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Eating disorders

What are eating disorders?

We know that as parents and carers, this topic, much like many topics, can be worrying. We want to provide you with information that will inform you but also point you in the direction of resources and if you need it, services that can help you further.

Eating disorders are serious mental illnesses that involve disordered eating behaviour to cope with difficult situations or feelings. Eating disorders can affect people of all ages, gender, ethnicities and backgrounds. Behaviours can include limiting the amount of food eaten, eating very large amounts of food at once, getting rid of food eaten through unhealthy means (for example, purging, such as self-induced vomiting and/or laxative misuse, fasting or excessive exercise) or a combination of these behaviours.

It is important to remember that eating disorders are not all about food itself but about feelings. The way the person interacts with food may make them feel more able to cope or make them feel in control.


The different types of eating disorders are:

Anorexia Nervosa

Usually involves seriously restricting food intake and sometimes can include binge/purge cycles or too much exercise.  Other possible signs include weight loss, a fear of putting on weight, wearing baggy clothes, obsessively counting calories and difficulty focusing.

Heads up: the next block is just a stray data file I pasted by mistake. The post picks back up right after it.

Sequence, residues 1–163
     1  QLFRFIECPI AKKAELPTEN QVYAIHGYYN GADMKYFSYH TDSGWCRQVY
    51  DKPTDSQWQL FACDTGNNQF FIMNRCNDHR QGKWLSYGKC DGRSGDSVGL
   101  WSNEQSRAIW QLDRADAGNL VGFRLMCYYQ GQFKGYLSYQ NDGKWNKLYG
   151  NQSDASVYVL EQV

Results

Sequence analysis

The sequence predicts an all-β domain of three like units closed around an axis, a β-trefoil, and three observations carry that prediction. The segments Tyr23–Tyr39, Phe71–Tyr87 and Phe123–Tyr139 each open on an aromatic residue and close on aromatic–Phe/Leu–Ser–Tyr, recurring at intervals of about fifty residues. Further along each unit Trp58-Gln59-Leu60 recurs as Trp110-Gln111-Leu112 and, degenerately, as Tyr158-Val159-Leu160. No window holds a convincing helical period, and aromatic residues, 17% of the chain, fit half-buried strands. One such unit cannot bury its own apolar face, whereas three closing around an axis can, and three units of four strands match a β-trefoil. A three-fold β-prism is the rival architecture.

Bulimia Nervosa

Cycles of bingeing (eating lots of food at once) and then purging (compensating for food eaten, for example by fasting, exercising excessively, making themselves sick or taking laxatives. Other possible signs include fluctuations in weight, disappearing after meals, tooth decay, bad breath and feeling out of control around food.

Binge Eating Disorder

Eating lots of food in one go but not compensating for this. Often binges are in secret and pre-planned. Other possible signs include eating faster than usual, feeling out of control around food, weight gain and eating when not hungry.

Other Specified Feeding or Eating Disorder (OSFED)

If symptoms do not fit the diagnostic criteria for the above eating disorders, they could be diagnosed with OSFED. Signs may include the ones listed above.

Avoidance/Restrictive Food Intake Disorder (ARFID)

This is when someone only eats an extremely narrow variety of foods. This avoidance may be based on appearance, smell, taste, texture (because of sensory sensitivities), brand, presentation, fear of adverse consequences, lack of interest in food or a past negative experience with food. Unlike other eating disorders, the fixation is not caused by a concern for body appearance or to lose weight.


Some general signs in adolescents that could be associated with an eating disorder include:

  • Being preoccupied with food.
  • Skipping meals and being obsessive about calories.
  • Showing secretive behaviour around food.
  • Eating overly large portions at mealtimes, constant snacking, hoarding food.